"...Ariel Harrison (are) personable and pleasant performers, that construct a fun and relaxed environment for the children to watch the show. The cast is skilled at reacting to the children and are very encouraging to those that come up on stage." -
"...balanced by the dance like movements and lyrical tones of Ariel Harrison (also Stage Manager) as Ariel, who revelled in being the catalyst for so many events. Ariel was particularly effective at using the height and levels of The Hope Theatre, scaling the walls and perching from on high to taunt the characters on the beach below."
"Harrison is nothing short of a delight, bestowed with some hilariously ridiculous lines and growing before our eyes from a nervous young girl to a comfortable, confident woman."
"Ariel Harrison as Ariel (yes, really) stands out as mischievous spirit, pulling strings for her master Prospero and relishing in her magical pranks. The way she is flitting across the theatre, decorated to evoke images of a jungle, climbing up and down wooden planks and filling the space with her enchanting sing-song makes belief she is one with her surroundings and truly a spiritual being."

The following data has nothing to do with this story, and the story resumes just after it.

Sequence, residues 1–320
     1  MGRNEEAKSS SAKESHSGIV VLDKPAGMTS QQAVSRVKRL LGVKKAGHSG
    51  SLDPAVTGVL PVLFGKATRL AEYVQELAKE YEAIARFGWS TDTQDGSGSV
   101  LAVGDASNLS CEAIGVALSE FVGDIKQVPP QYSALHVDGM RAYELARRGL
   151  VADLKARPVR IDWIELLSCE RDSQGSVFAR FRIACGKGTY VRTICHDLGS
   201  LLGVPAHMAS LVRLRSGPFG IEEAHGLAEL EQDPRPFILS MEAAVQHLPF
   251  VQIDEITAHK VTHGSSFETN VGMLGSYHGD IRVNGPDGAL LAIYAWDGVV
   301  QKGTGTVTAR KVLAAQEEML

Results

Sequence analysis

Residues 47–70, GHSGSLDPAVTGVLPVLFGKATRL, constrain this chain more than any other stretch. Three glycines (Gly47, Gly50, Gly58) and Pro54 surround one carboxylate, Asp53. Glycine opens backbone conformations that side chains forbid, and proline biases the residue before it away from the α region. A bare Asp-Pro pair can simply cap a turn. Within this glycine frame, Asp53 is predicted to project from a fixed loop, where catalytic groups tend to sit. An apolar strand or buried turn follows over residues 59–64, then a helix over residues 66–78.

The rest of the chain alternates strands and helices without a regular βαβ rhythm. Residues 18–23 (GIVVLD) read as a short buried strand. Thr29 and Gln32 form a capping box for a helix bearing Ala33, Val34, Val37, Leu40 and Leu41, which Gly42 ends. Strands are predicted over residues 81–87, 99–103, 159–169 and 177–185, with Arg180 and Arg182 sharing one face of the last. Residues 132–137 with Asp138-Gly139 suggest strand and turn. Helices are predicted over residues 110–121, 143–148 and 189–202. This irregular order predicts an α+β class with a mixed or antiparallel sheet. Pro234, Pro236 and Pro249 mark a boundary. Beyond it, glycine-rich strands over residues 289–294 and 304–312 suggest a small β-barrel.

"While all the acting was of an equally high standard, I confess I did enjoy the 'theatrical elements' that Harrison brought to Ariel, whether it was sitting in the rafters – looking down on actors and audience alike, displaying her pyrotechnic finesse using flash paper or singing the songs that are normally attributed to the sprite, but sometimes not adhered to."
"The comedic talents of the actresses playing the two youngest sisters are spot-on. Ariel Harrison of Forest Knolls and Rachel Watts of Novato are funny and charming. Their giddy shrieks and giggles are superbly timed." -
"Performances range from good to great. Ariel Harrison is a winner as the impulsive Lydia." -
"Harrison performed ‘Annelle’s’ growth with the perfect amount of naivety and gusto." -
"Ariel Harrison’s characterisation of Gonzalo is genius, wise words delivered by a charismatic, endearing old man, lacking any element of pompous can only result in admiration from the audience – just what the role demands. Ariel also concocts a mystical creature through the use of a gents black venetian mask placed on the back of her head – performing back to front; this cast are always looking for innovative ways to show different roles."-
"Ariel Harrison and Chris Levens who operate[the puppets]lend them their voices and their ‘soul’, to the point one forgets in the moment that one is not watching a ‘real person’." -